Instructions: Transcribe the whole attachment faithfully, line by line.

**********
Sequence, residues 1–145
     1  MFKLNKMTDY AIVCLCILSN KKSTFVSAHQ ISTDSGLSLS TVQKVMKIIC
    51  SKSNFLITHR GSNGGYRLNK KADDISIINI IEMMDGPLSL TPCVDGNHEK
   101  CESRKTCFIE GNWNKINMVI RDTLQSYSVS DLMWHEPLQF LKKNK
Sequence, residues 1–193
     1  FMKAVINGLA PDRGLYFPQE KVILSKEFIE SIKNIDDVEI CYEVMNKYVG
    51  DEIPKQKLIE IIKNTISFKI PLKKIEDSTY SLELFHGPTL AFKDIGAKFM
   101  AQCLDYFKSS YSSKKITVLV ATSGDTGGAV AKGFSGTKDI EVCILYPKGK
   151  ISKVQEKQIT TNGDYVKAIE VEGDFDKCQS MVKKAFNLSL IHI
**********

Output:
Sequence, residues 1–145
     1  MFKLNKMTDY AIVCLCILSN KKSTFVSAHQ ISTDSGLSLS TVQKVMKIIC
    51  SKSNFLITHR GSNGGYRLNK KADDISIINI IEMMDGPLSL TPCVDGNHEK
   101  CESRKTCFIE GNWNKINMVI RDTLQSYSVS DLMWHEPLQF LKKNK
Sequence, residues 1–193
     1  FMKAVINGLA PDRGLYFPQE KVILSKEFIE SIKNIDDVEI CYEVMNKYVG
    51  DEIPKQKLIE IIKNTISFKI PLKKIEDSTY SLELFHGPTL AFKDIGAKFM
   101  AQCLDYFKSS YSSKKITVLV ATSGDTGGAV AKGFSGTKDI EVCILYPKGK
   151  ISKVQEKQIT TNGDYVKAIE VEGDFDKCQS MVKKAFNLSL IHI